"It'd just eat you up, like a cancer," says the builder. "You can knock a man to his knees. You can ruin him in business. But you better not mess with his wife and kids."
Says Sanders: "If he hadn't done what he did, he'd never have had a peaceful night's sleep for the rest of his life." The Doucets
This is war for the hearts and minds of Baton Rouge, the jury pool, and Foxy Sanders appears to be winning.
But the Doucets are fighting back. They have asked a young political consultant and family friend, Ralph Whatley, to publicize affidavits portraying Doucet as a victim of smear tactics.
"It's a great relief for the family to have this in hand," he says, passing out copies on the Capitol steps. In one, Doucet denies molesting Jody, or any child. He pleads frame-up, citing Plauche's friendship with police. A press release issued by the family suggests that June and Jeff's relationship went beyond friendship.
"They've tried, convicted and murdered my brother in the press," fumes Haywood Doucet.
Jeff was raised on the wrong side of the tracks in Port Arthur, one of seven children born to a service station owner. A sister died from a rattlesnake bite.
He was molested numerous times as a child, he told police, though his family will only confirm one incident.
Nippy Melancon, 48, labels the charges against Doucet "a bunch of b-------!" The Doucets are neighbors, and Jeff took his children out for burgers. "You think if I'd had any doubts, I would have let my kids go off with him? He dated a girl at the trailer park. If Jeff was gay or funny he wouldn't have been going out with no women."
Winks Whatley: "He was a ladies' man." The Arrest
"You want to go to California?" Doucet asked the boy, according to investigators.
"Yes," said Jody.
"Good," said Doucet. "I don't want people to think I'm taking you."
They rode a bus to Los Angeles. On the way, Doucet shaved his beard. They checked into a motel. They watched the filming of "Hill Street Blues," Jody later told police.
June expected them to return, but four days after they disappeared, she paged Gary on the racquetball court to say Jody was gone. He sought a kidnaping warrant; the FBI was alerted.
One week after Jody vanished, the phone rang. It was Doucet. He warned June against telling anyone he'd called and ordered her to bring the other children and their school transcripts. "Meet me where they film 'Hill Street Blues' if you want to see Jody again," he said.
"Gary might use this to get custody of all the children if you don't bring Jody back," she said, using a ruse concocted by police.
"If the court gives Gary the kids, I'll get them from him," Doucet exploded in rage. "I'm tired of people saying I'm insane, and if you say I am, you'll never hear from me again."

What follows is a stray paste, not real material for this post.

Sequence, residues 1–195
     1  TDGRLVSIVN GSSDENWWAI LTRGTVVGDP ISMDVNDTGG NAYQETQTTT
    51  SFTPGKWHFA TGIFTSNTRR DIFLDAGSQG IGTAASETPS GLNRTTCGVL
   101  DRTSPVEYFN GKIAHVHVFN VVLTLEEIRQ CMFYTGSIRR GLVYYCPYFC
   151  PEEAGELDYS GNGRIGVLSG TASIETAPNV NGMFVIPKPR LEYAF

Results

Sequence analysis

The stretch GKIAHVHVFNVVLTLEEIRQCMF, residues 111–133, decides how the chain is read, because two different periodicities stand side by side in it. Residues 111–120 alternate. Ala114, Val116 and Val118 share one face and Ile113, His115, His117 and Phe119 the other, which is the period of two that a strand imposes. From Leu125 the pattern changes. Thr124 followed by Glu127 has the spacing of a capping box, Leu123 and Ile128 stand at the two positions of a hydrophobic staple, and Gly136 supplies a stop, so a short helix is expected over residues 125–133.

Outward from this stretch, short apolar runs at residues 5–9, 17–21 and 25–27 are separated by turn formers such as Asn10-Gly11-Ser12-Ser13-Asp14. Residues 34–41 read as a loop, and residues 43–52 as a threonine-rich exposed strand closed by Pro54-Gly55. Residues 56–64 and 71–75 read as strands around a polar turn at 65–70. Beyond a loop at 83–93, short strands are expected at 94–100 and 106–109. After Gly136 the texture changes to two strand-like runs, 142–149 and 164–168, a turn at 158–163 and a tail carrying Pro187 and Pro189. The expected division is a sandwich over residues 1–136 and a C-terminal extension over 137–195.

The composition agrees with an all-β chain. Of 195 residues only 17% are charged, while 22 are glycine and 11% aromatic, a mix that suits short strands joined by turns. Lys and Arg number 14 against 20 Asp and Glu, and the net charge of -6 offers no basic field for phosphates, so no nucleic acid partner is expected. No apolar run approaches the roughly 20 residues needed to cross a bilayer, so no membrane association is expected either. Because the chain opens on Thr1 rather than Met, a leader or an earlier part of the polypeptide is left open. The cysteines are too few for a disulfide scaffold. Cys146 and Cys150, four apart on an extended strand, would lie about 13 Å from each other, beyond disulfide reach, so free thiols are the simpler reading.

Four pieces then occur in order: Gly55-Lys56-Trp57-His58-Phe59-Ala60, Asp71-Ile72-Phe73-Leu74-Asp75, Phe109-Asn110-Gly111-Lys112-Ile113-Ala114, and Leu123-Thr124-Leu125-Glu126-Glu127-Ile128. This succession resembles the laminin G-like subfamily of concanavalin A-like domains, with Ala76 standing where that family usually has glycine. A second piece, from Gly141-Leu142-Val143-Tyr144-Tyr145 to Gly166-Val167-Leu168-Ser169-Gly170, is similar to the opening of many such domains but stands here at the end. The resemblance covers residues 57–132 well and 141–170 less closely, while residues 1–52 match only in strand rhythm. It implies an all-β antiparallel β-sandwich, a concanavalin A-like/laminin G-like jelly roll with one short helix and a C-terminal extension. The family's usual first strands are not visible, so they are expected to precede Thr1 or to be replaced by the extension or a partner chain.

Suddenly, June Plauche lost her illusions, say friends. "She realized Doucet was crazy," says one. "She never planned to go with him. She would never have split up her children that way."
Was she perhaps buckling under to pressure from a jealous husband and Barnett to "railroad" Doucet, as he suggested to a lawyer before he was shot.
"Absolutely not," says a friend. "There's no way she could have faked the agony. She lost eight pounds that week. She was a walking zombie. She never realized that guy Doucet didn't know truth from a lie until he took Jody."
June played along, as police taped the calls. A phone tap traced them to the Samoa Motel in Anaheim, Calif., Room 38, $20 a day cash, in advance, just blocks from Disneyland. On Feb. 29, FBI agents made the arrest. Jody pleaded to stay with Doucet. His blond hair was dyed black. Doucet told him he aimed to pass him off as his son, investigators said.
Jody flew home. Doucet was indicted for aggravated kidnaping. He waived extradition, and phoned a friend to say he was only guilty of "bad judgment. I should have gone back, rather than use Jody to pressure June into joining me."
Later, outside the Orange County, California, jail, flanked by an FBI agent and two Baton Rouge deputies, Doucet told another story.
According to Barnett, he said, "I want to tell you all about it," and confessed "to having had sex with Jody in all the gory details," along with other children in Baton Rouge whose parents have been advised. Lab tests from the boy's physical exam confirm the account, say officials. 'No Hero'
It was up to Barnett to break the news to the Plauches. Gary "had the same reaction most parents do when they find out their children have been raped or molested," says Barnett, 39, father of two. "He was horrified."
It was the first time friends had ever seen Plauche without a smile.
At The Cotton Club, police say he sat at the bar three seats away from a WBRZ news executive. Doucet's name was brought up. "I think he's coming in tonight," said the executive.
"I think he's already in Baton Rouge," said Plauche. The executive phoned the station, confirmed the arrival and announced the time to the bartender. Station officials say Plauche "overheard" the remark: "Yeah, he's coming in at 9:08."
And Plauche was off to the airport, where he drank a cup of coffee in the restaurant, recalls manager Joe DePrato, 57. He moved to the bar. He drank a Stroh's. He paced the lobby. He checked flight times. From the pay phone, he called a friend, who tried to warn police. But it was too late. He heard the shot. Then Plauche slammed down the phone.
"There's no hero or heroine in this case," says Barnett, "and no living sonofabitch." CAPTION: Picture 1, Gary Plauche whirls with a gun pointed toward Jeffery Doucet, Copyright (c) 1984 WBRZ-TV. By Abrahm McGill; Picture 2, Plauche, who was arrested in the shooting; By Tim Van Riper The Morning Advocate, Baton Rouge; Picture 3, Jeffery Doucet; by Stan Alost The State Times, Baton Rouge